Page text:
• Focus the image then turn-off the lights.
  • Move the torch in the background behind the lensball.
  • Let the camera click the image.

Section 5: Adding Concepts to Your Still Life Image (15:27)                

Adding a concept to your still life is fairly easy. You can add an object in the frame behind the lensball which will refract inside the ball and then sharpen the object within the sphere.

Choose objects which are fairly small in size and can hide behind the ball. Let’s say your concept is “listening” or “music” then you can use small headphones. These types of images in combination with the background chosen are endless.

Follow these steps:

  • Keep the light strobe to the side of your lensball to avoid any reflection from the ball’s surface.
  • Light the background as well as the headphones behind the ball.
  • Use a macro lens and choose the aperture f10. Set the ISO at 640 and shutter speed at 1/60th of a second.
  • Take the photograph.

You can vary the concepts such as flower, petals, or food-item like sushi. Depending on your chosen subject, your photo can have a different message.

Section 6: The Equipment Used for Light Painting (18:45)

Following are the equipment you can use for light painting:

  • Your Smartphone screen light.
  • Smartphone torch or regular torch.
  • Fairy Lights to create nice patterns.
  • A colored gel to change the color of the light and create different colors.
  • Other light sources such as LED lights, Tablet screen or a pixel-stick.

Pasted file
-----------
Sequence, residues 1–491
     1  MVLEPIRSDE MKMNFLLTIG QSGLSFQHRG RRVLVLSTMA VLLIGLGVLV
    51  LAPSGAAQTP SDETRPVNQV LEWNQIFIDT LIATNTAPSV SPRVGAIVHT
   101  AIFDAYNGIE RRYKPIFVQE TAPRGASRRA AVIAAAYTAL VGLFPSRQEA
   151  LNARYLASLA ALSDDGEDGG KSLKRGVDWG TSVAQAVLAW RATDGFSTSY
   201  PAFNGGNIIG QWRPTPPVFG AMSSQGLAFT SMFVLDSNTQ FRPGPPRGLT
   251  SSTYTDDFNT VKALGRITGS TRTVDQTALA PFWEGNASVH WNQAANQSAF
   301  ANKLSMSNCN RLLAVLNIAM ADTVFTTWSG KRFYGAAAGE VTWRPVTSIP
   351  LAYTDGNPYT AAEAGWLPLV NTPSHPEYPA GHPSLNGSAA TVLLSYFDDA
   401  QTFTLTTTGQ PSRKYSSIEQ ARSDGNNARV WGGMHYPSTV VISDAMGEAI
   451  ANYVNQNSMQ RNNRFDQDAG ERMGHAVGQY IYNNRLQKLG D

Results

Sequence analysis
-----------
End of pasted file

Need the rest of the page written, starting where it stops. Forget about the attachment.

Equipment Set-up for Light Painting with the Lensball (22:54)

Follow these steps:

  • Place the camera on the tripod.
  • Use a wide-angle lens to capture the wider portion of the scene and as much light paint as possible.
  • Use two pieces of black paper to cover the background wall and the table.
  • Get a piece of glass, a picture frame can provide this. Place the glass on the black paper over the table. The glass can act as a reflection surface.
  • Place the lensball on top of the glass. Place a hook under the ball to keep it from rolling.
  • Underexpose the photo by -1EV or even -2 EV
  • Correct your exposure time depending on how bright your light source is.
  • Set the aperture at f20 or f22 and ISO at 100.

Section 7: Light Painting with the Lensball (25:40)

With light painting, you can create stunning lights patterns in the background as well as inside the ball. Following are the ways to do light painting with different light sources:

1.) With fairy light:

  • Set the camera exposure to 10 seconds self-timer so that you have enough time to turn off the lights and stand in position before the camera begins to expose.
  • Turn off the lights. The room should be fully dark.
  • Move the fairy light behind the lensball.

 

2.) Smartphone Screen Light:

  • Set the camera exposure to 30 seconds self-timer and stand in position before the camera begins to expose.
  • Turn off the lights and move the Smartphone screen light in the spiral pattern behind the lensball.

3.) Smartphone Torch:

  • Place an object (a mouse) behind the lensball.
  • Set the camera exposure to 10 seconds self-timer and stand in position before the camera begins to expose.
  • Turn off the lights and move your Smartphone torch behind the lensball and then over the object (a mouse).

 

Thanks for your attention during this 5th module. I hope the creative ideas you learned in this module will help you create stunning still life photography with your lensball.